Movie Review: ‘Guardians of the Galaxy’

Iron Man is getting over PTSD, Thor is dealing with serious family issues, and Captain America is coping with multiple weighty betrayals: it's about time we had something more lighthearted. As the last movie in Marvel's second wave leading up to "The Avengers: Age of Ultron," "Guardians of the Galaxy" brings exactly what's needed to a genre that's getting tired and repetitive. Although the film features a helping of drama, "Guardians of the Galaxy" is consistently fun, upbeat, and fresh.

"Guardians of the Galaxy" has existed in comic form since 1969. The film, though, is based off of a version of the team that started in 2008. Written by Dan Abnett and Andy Lanning, the "Guardians of the Galaxy" comics were renowned among comic fans as smart, fun, and a little off-beat. In the hands of James Gunn and Nicole Perlman, the movie stays true to form. A step away from traditional superhero plots, Guardians features Peter Quill, a human who was abducted in 1988 by aliens and has since made a fizzling reputation for himself as a scavenger and all-around rogue. While on an odd job, Quill finds himself embroiled in a plot involving intergalactic warfare, powerful relics, and the ominous mad titan Thanos seen at the end of "The Avengers."

Like most Marvel movies, "Guardians of the Galaxy" nails its action sequences. Peter Quill, the self-styled Star Lord and main character of the movie, only has a pair of rocket boots, two pistols, and a few other gadgets to contend with the galaxy's most powerful criminals. Far removed from Iron Man's gadgetry or Thor's unstoppable Mjonlir, Quill's combat isn't as hard hitting. But, he more than makes up for it with clever tricks and an occasional punch.

The rest of the ensemble cast gets plenty of screen time to showcase their abilities too. Whether it's Groot's root-slinging destruction or Gamora's slick acrobatics, there's never a dull moment when the guardians get to fighting. Even the side characters get a few good licks in too. I'd never believe whistling and a metal dart could be the focus of a cool action sequence, but "Guardians of the Galaxy" pulls it off.

Visually, the film is an absolute treat. From the clothes to the aliens to the ships and buildings, "Guardians of the Galaxy" looks futuristic without being gaudy or too high-concept. Like Star Wars, Guardians provides plenty of alien imagery to let the minds of the audience wander while giving them enough to keep them grounded. Each artifact is purpose-built to convey a concept in keeping with the tone of the movie and it's done to great effect. Quill's ship looks like exactly what it is: a speedy frigate meant for personal intergalactic sorties. Conversely, the main villain's capital ship looks like an ancient baroque relic designed to brutalize people and planets alike, which is exactly what it does.

The designs do one more very important thing: they expertly convey that "Guardians of the Galaxy" is a fun action adventure. While most movie studios shy away from ridiculous design concepts and even seem embarrassed by the pedigree of comics, Marvel proudly puts their legacy on blast. Just look at Rocket and Groot, the bipedal raccoon and tree man duo that bring heart and humor to the film. You might think that they're too zany to be taken seriously and would turn an action adventure movie into a complete farce, but on screen they're no less than a badass bounty hunter and a kind-hearted giant.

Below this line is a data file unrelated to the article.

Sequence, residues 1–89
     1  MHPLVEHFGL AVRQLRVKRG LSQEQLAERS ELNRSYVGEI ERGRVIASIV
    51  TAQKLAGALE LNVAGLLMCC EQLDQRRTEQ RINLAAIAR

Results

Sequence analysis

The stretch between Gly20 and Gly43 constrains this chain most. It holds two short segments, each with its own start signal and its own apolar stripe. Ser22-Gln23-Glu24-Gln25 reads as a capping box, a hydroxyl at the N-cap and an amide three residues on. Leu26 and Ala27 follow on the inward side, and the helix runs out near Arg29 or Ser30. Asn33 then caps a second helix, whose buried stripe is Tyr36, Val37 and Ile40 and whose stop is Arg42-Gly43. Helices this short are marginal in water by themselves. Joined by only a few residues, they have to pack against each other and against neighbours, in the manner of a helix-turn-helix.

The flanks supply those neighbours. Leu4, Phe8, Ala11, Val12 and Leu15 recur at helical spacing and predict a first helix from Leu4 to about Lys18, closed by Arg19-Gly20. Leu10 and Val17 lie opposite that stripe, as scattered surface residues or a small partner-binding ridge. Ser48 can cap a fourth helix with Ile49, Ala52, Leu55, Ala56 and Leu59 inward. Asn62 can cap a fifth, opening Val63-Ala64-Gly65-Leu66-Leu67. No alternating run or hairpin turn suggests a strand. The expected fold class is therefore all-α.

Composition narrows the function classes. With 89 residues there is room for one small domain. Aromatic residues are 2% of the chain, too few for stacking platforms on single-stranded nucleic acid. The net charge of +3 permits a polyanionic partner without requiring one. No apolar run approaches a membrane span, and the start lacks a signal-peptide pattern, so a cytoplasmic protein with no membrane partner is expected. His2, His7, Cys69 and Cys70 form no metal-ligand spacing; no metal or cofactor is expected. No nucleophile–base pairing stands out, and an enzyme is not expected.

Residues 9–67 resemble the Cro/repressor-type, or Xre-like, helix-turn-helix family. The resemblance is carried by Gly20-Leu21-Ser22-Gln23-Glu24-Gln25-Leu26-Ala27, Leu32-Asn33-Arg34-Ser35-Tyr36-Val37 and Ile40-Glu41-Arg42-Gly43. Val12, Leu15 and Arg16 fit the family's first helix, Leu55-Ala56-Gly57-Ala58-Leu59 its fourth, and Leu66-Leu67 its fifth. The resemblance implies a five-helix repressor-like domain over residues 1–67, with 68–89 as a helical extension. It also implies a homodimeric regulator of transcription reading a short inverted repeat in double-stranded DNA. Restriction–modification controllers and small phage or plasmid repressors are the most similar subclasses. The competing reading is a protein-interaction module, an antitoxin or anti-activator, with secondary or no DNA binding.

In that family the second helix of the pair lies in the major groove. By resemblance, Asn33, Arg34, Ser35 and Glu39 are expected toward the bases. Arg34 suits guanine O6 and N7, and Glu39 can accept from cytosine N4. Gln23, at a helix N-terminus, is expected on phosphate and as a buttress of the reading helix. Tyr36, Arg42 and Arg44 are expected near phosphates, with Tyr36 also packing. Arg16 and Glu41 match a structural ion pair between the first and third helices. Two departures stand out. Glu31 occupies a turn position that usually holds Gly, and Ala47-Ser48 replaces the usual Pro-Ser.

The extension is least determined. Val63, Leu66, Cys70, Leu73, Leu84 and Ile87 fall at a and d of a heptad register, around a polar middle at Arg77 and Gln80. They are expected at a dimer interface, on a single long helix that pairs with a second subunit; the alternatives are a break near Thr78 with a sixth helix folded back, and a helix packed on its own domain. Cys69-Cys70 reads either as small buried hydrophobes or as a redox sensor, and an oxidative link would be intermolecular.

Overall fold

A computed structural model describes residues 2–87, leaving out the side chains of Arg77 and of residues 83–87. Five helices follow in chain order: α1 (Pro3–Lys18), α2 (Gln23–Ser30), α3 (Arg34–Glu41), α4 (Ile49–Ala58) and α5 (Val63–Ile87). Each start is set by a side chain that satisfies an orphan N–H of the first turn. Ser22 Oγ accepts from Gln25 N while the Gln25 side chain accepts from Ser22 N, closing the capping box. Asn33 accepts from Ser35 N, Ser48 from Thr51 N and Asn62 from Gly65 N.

If there's one thing the helps bind every ridiculous element in "Guardians of the Galaxy" together, it's humor. While some characters are funny on their own, everyone's on-screen chemistry will have you laughing out loud. Peter Quill's charm and crass humor would stand well on their own, but are highlighted by straight men Drax and Gamora with looks of disgust and derisive comments. Rocket's crass, almost amoral jokes and sensibilities are hilarious for folks with a dry sense of humor.

What elevates "Guardians of the Galaxy" past being a generic superhero, action, or comedy movie is its strong foundation in character building. Every member of the team is given an artful glimpse into their past and what motivates them. Their flaws have understandable explanations, and they come across as fully realized individuals. The movie starts with Peter Quill's most painful memory, and it places his entire demeanor as an adult into perspective. Quill easily could have been a generic scruffy nerf-herder, but the movie's intro explains exactly where he comes from and why he became an off-kilter, swaggering rogue.

Surprisingly, one of the most emotionally developed characters turns out to be Rocket. Early on he's described as an experiment gone wrong, and later in the film he has a little too much to drink and all the emotional baggage comes out. It would be easy to treat a CG raccoon alien as a complete joke, but one well-written drunken outburst tells Rocket's compelling history and what the emotional toll of being an experiment actually is. But, Rocket isn't one for melodrama and after quickly spilling his guts he jumps right back into the fray.

"Guardians of the Galaxy" has just about everything you might want in a summer action movie: good action, great comedy, a solid plot, and a strong emotional foundation. If you want to see pretty space ships blow things up, you can have that. If you want to watch a raccoon mock a baby, you can have that. And if you want some emotional grit and realism, you can have that too. Whether you're a fan of Marvel films or you desperately need a break from super hero tropes, "Guardians of the Galaxy" has it in spades.

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